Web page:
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Declaration Of Default In Payment Of Judgment SC-223 - California

Declaration Of Default In Payment Of Judgment Form. This is a California form and can be used in Small Claims Judicial Council .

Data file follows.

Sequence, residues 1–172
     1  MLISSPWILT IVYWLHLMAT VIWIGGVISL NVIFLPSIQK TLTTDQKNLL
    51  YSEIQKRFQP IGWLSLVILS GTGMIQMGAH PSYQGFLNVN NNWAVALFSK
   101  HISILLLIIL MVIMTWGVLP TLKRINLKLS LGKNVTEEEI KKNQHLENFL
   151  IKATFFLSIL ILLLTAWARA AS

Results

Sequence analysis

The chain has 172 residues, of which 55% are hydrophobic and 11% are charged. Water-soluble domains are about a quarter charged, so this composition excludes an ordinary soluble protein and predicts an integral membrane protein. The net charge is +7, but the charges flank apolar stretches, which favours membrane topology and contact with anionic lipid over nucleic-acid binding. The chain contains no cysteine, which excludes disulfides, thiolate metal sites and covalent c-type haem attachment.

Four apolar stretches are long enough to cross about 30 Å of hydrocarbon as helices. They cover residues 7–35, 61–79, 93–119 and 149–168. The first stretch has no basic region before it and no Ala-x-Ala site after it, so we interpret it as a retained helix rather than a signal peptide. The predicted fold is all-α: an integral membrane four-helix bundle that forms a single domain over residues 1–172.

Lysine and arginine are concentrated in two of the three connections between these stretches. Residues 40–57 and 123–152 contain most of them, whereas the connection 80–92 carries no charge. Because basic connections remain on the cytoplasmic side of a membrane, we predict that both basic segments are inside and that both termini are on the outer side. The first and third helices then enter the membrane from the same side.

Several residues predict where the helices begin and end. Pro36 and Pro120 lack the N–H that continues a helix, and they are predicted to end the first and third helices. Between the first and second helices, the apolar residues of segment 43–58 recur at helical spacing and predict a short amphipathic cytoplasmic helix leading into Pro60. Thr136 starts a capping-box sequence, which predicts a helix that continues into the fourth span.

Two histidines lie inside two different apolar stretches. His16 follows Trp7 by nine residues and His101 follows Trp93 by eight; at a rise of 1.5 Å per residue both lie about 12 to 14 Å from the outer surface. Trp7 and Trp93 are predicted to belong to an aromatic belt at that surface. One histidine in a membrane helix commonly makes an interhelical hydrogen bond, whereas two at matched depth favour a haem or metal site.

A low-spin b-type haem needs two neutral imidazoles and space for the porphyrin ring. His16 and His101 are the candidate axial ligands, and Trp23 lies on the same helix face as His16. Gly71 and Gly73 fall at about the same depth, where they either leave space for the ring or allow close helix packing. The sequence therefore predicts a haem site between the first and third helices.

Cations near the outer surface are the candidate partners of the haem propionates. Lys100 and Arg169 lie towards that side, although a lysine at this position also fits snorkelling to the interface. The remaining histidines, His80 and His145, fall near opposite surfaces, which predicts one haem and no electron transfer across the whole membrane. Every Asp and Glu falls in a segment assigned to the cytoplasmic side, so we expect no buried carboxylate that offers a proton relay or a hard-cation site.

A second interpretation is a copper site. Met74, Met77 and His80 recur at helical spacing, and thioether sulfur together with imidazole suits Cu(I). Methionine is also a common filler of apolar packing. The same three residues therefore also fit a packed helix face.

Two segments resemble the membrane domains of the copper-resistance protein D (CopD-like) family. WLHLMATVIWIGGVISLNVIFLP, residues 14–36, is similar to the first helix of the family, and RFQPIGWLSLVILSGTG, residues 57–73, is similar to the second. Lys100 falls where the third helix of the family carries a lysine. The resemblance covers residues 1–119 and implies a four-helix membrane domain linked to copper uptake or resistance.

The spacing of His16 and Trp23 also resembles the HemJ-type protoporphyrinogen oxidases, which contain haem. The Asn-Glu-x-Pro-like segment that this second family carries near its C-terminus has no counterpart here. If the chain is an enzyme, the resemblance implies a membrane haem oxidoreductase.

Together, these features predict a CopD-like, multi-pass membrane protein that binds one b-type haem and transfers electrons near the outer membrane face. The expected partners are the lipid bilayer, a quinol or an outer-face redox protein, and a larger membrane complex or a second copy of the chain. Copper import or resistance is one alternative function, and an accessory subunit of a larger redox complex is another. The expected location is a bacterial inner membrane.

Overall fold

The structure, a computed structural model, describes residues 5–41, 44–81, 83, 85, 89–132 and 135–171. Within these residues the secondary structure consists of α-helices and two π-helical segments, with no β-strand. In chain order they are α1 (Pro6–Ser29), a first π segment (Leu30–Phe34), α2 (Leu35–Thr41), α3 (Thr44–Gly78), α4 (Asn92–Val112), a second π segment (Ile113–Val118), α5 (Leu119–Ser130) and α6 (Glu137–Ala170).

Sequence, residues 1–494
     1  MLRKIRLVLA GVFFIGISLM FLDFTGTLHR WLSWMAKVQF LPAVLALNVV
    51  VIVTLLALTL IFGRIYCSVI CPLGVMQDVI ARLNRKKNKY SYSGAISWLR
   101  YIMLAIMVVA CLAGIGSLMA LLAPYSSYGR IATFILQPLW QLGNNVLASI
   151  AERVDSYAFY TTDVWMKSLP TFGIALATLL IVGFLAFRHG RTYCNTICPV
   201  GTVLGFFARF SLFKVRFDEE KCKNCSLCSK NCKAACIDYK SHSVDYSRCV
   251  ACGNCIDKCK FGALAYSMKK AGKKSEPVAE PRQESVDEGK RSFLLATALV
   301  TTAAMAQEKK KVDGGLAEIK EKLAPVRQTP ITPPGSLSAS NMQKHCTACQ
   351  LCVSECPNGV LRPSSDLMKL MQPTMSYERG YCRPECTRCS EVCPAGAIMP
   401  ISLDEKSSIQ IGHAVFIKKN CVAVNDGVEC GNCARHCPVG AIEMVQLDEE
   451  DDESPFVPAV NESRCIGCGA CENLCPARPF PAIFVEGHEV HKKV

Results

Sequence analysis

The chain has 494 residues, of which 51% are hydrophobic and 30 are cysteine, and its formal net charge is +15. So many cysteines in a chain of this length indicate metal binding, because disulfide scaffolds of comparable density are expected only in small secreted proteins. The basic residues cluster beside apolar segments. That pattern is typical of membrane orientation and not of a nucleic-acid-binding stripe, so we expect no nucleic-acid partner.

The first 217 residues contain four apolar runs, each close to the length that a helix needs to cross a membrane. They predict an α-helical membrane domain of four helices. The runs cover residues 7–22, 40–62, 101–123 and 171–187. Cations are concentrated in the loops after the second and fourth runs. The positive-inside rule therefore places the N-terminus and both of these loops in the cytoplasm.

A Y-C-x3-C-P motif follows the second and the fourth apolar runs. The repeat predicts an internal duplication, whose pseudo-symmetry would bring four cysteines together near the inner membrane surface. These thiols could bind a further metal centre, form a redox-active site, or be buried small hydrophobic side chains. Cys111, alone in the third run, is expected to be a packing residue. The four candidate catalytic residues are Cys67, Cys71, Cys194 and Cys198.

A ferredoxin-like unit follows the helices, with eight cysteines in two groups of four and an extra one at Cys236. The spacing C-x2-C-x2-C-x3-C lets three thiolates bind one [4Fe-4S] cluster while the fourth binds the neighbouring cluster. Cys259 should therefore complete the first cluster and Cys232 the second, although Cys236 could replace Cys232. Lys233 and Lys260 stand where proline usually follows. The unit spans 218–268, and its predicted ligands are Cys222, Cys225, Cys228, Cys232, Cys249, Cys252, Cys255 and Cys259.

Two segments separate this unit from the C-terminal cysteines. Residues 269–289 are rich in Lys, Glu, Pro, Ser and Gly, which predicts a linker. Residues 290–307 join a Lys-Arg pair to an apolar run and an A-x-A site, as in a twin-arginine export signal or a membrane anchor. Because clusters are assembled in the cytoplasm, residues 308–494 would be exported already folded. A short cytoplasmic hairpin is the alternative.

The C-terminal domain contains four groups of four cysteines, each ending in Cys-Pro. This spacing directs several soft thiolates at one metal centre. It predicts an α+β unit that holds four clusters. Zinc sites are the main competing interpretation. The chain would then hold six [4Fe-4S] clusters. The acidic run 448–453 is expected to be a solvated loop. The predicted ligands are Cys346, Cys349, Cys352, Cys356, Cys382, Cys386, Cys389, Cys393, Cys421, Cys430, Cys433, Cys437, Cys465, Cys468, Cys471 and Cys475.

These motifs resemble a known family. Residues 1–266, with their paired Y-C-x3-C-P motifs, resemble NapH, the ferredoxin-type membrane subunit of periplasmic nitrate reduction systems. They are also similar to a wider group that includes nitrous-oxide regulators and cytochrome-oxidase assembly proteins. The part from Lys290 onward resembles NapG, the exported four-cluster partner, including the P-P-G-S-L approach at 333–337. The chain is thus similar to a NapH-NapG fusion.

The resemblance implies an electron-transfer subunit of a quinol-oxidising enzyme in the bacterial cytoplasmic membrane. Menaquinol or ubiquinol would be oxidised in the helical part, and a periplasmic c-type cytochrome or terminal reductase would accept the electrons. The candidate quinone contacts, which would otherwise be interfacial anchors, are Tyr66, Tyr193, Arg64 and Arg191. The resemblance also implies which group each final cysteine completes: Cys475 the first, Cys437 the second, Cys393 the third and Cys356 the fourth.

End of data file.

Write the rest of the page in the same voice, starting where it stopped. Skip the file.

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SC-223 Declaration of Default in Payment of Judgment Clerk stamps here when form is filed. Important: Read the other side before you fill out this form or if it was mailed to you. If you are the judgment debtor named in and you disagree with this Declaration of Default in Payment of Judgment, you may file Response to Declaration of Default in Payment of Judgment (Form SC-224) within 10 days after the declaration was mailed to you. I am asking the court to order that the remaining balance of a small claims judgment is now due and collectible because payments were not made as the court ordered. My name is: Mailing address: Phone: E-mail (optional): The judgment debtor who has not made payments as the court ordered is (complete a separate form for each judgment debtor who has not paid as ordered): Name: Mailing address: Phone: E-mail (optional): Fill in the court name and street address: Superior Court of California, County of Fill in your case number and case name: Case Number: Case Name: On (date): the court ordered that the judgment debtor named in must pay me, or someone who assigned the judgment to me, principal, prejudgment interest, and costs in the total amount of $ . On (date): the court ordered that the judgment debtor named in may pay the judgment described in as follows: a. Payments of $ on the day of each (month, week, other): starting (date): , until (date of final payment): ; amount of final payment: $ b. Other payment schedule (specify): The payments listed below, and no others, have been made on the judgment described in . Check here if there is not enough space below. List the date and amount of each payment on a separate page and write "SC-223, Item 5" at the top. Date Amount Date Amount Date Amount Date Amount The total amount of the payments that have been made on the judgment described in is $ and the balance due, without adding any interest after the judgment, is $ . I request interest on the judgment, in the amount of $ , calculated as follows: , Check here if there is not enough space below. Explain how you calculated interest on a separate page and write "SC-223, Item 7" at the top. I declare under penalty of perjury under the laws of the State of California that the information above is true and correct. Date: Type or print your name Judicial Council of California, www.courts.ca.gov New July 1, 2013, Optional Form Code of Civil Procedure, § 116.620; Cal. Rules of Court, rule 3.2107 Sign here Declaration of Default in Payment of Judgment (Small Claims) SC-223, Page 1 of 2 American LegalNet, Inc. www.FormsWorkFlow.com Default in Payments on Small Claims Judgment General Information If the court ordered that another plaintiff or defendant (judgment debtor) may pay a small claims judgment in payments, and that judgment debtor has not made the payments as ordered, you can ask the court to order that the full balance of the judgment is due and collectible. Here's how: · Read this form. · Fill out page 1 of Form SC-223, Declaration of Default in Payment of Judgment. Fill out a separate form for each judgment debtor who did not make payments as ordered. · File your completed form(s) with the small claims court clerk. The court will mail all other plaintiffs and defendants in the case copies of the Declaration and a blank Form SC-224, Response to Declaration of Default in Payment of Judgment. The judgment debtor will have 10 days to file a Response. Then the court will mail all plaintiffs and defendants in the case: · A decision, or · A notice to go to a hearing. If the court ordered that you may make payments on a judgment, and another plaintiff, defendant, or person to whom the judgment has been assigned (judgment creditor) has filed Form SC-223, Declaration of Default in Payment of Judgment, asking the court to order that the full balance is now due and collectible because you did not make the payments: · Read this form and the Declaration. · If you agree with the court ordering that the amounts claimed in the Declaration are now due in full, you do not need to do anything. · If you do not agree with the Declaration or with the court ordering that the amounts it claims are now due in full, file a Response within 10 calendar days after the court clerk mailed the Declaration to you. (This date is on the Clerk's Certificate of Mailing.) To file your Response: · Fill out Form SC-224, Response to Declaration of Default in Payment of Judgment. · Have your Response served on the judgment creditor and all other plaintiffs and defendants in your case. (See Form SC-112A, Proof of Service by Mail.) · File your Response and Proof of Service with the small claims court clerk. Answers to Common Questions When is the judgment due? Unless the court orders otherwise, small claims judgments are due immediately. If the judgment is not paid in full within 30 days, the judgment creditor (person to whom the money is owed) can take legal steps to collect any unpaid amount. (Collection may be postponed if an appeal or a request to vacate (cancel) or correct the judgment is filed.) When can the judgment debtor make payments? A plaintiff or defendant who was ordered to pay a small claims judgment (judgment debtor) can ask the court for permission to make payments. If the court agrees, the plaintiff or defendant who is owed money (the judgment creditor) cannot take any other steps to collect the money as long as the payments are made on time. If payments are not made on time, the judgment creditor can ask the court to order that the remaining balance of the judgment is due and collectible. Is interest added after the judgment? Interest (10 percent per year) is usually added to the unpaid amount of the judgment from the date the judgment is entered until it is paid in full. Interest can only be charged on the unpaid amount of the judgment (the principal); interest cannot be charged on any unpaid interest. If a partial payment is received, the money is applied first to unpaid interest and then to unpaid principal. When the court allows payments, the court often does not order any interest, as long as all payments are made in full and on time. Unless the judgment creditor asks for interest to be included in the order allowing payments, the judgment creditor may lose any claims for interest. But if the judgment debtor does not make full payments on time, interest on the missed payment or the entire unpaid balance might become due and collectible. How do I calculate interest? If you are ask